By Helen Coster and Samrhitha A
(Reuters) -Comcast has moved up the date for the sale or purchase of its remaining stake in Hulu to Disney to Sept. 30 this year, CEO Brian Roberts said on Wednesday.
“As of September 30, after some short period of time Disney can call, we can put, and I believe that’s what will end up happening,” Roberts said.
Shares of Comcast extended gains and were trading 1.7% higher, defying weakness in the broader market. Roberts made the comments at the Goldman Sachs Communacopia + Technology Conference.
Disney owns two-thirds of Hulu, while Comcast owns the rest. Under a 2019 agreement, either company can trigger a sale or purchase of Comcast’s 33% stake to Disney as early as January 2024. The agreement ascribes a minimum equity value to Hulu of $27.5 billion.
Roberts said the companies will go through an appraisal process to determine the value of Hulu, and that process appraises “a lot more than Hulu,” in his opinion. Beyond valuing Hulu as a standalone business, Roberts said, he believes the benefit for a buyer in terms of reducing churn, as well as providing possible synergy with other services, could be worth $30 billion.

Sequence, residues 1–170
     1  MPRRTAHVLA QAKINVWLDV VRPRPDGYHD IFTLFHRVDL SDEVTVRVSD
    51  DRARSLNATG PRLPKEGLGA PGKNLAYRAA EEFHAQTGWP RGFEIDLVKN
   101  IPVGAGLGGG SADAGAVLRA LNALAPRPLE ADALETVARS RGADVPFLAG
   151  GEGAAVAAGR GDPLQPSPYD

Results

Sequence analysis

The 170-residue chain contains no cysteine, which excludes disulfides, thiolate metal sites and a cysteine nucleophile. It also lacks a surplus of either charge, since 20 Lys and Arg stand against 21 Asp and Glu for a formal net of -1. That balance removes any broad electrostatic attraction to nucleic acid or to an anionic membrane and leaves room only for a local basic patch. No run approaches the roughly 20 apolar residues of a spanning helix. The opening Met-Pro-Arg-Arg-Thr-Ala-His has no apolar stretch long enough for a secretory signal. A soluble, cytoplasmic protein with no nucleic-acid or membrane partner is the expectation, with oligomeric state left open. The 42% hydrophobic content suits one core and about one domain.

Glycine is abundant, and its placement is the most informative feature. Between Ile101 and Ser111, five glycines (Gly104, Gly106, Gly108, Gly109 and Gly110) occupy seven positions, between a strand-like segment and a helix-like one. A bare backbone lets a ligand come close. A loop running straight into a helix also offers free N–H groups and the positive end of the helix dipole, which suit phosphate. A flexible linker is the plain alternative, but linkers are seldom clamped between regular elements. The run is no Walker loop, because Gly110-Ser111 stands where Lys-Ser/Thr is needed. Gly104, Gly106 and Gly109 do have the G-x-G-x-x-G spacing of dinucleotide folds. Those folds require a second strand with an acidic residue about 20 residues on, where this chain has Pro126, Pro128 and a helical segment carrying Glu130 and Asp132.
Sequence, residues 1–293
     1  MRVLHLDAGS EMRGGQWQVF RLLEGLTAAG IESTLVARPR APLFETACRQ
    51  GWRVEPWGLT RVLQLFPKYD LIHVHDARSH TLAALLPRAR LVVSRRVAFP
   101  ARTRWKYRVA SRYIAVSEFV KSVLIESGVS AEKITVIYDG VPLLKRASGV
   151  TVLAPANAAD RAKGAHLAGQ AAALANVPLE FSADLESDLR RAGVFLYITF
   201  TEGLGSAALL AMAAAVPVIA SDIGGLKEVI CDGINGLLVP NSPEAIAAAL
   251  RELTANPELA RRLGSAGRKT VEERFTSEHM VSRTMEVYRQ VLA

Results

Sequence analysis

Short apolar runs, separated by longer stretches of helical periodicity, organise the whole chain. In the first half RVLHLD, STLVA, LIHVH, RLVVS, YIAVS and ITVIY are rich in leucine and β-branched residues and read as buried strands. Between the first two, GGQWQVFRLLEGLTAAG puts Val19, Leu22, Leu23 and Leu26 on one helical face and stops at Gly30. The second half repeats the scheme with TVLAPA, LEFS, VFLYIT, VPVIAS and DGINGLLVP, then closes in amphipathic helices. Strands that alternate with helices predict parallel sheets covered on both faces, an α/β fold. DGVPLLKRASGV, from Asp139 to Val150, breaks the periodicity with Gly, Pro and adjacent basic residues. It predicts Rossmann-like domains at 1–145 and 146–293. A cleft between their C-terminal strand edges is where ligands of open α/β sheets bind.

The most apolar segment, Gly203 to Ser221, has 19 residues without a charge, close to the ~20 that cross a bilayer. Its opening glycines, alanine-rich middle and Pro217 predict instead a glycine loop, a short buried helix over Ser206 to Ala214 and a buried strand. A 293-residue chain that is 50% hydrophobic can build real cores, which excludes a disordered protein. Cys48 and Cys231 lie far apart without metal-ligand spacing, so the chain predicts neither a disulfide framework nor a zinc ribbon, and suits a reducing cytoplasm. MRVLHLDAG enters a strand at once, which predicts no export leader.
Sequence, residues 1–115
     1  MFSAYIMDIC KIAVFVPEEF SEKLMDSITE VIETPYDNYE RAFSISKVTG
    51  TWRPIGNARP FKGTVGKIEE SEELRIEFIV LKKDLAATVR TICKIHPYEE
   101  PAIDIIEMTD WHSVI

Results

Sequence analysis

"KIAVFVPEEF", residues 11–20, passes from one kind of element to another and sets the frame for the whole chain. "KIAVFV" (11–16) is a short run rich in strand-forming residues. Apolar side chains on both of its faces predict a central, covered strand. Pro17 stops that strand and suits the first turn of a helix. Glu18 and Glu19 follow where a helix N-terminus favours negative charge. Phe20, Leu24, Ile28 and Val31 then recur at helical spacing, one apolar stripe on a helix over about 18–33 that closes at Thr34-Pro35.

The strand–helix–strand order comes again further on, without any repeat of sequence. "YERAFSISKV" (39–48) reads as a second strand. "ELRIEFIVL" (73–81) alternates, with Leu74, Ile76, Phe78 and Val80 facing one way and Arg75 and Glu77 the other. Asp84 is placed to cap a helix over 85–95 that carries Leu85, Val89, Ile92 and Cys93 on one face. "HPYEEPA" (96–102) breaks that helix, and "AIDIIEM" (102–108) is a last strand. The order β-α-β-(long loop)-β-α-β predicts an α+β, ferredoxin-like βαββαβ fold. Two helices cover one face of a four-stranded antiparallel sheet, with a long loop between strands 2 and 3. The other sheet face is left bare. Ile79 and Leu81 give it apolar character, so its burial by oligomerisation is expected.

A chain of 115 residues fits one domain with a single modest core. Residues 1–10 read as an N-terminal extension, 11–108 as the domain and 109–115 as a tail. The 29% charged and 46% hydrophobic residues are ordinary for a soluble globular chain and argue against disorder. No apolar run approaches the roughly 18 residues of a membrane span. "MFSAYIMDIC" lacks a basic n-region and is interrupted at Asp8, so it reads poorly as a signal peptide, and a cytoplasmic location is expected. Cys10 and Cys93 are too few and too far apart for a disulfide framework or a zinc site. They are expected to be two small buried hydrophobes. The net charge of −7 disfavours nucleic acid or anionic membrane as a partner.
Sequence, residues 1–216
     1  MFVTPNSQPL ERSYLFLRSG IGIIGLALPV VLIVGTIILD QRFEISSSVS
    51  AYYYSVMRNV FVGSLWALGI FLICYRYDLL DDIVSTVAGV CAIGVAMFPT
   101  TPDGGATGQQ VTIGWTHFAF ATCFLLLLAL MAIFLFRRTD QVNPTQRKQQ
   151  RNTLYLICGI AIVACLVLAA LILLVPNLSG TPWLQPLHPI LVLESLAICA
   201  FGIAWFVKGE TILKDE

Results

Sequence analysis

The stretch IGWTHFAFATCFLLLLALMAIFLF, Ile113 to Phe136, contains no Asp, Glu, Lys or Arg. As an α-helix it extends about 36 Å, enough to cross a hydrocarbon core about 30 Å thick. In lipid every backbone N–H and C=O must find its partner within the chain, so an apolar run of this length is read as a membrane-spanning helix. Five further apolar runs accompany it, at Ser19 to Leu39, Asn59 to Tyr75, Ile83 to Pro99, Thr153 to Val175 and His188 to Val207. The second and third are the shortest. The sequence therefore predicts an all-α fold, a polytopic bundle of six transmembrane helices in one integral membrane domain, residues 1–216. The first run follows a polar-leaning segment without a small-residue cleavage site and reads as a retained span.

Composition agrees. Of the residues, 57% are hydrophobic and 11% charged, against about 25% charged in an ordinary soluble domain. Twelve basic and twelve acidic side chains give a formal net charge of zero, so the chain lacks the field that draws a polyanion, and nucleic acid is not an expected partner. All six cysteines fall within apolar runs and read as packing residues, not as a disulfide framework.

“The value of Hulu has increased dramatically,” said LightShed media analyst Rich Greenfield. “Hulu has far greater value than when they struck the $27 billion agreement with Disney … Comcast wants to get maximum value out of this.”
Hulu had 48.3 million subscribers at the end of the most recent quarter, compared with 24 million paid subscribers for Comcast’s Peacock streaming service and 105.7 million global subscribers for Disney+.
Greenfield applauded Disney CEO Bob Iger for agreeing to accelerate the Hulu purchase, saying that waiting until next year is hampering Disney’s strategic flexibility.
The veteran media analyst said Disney may fold the Hulu into the Disney+ streaming service, or perhaps sell it along with some of its traditional television assets, as Iger is contemplating.
“Whatever Disney chooses to do, having partial ownership of Hulu with Comcast makes anything else they want to do more challenging,” Greenfield said.
(Reporting by Samrhitha Arunasalam in Bengaluru, Helen Coster in New York and Dawn Chmielewski in Los Angeles; Editing by Nick Zieminski and Stephen Coates)
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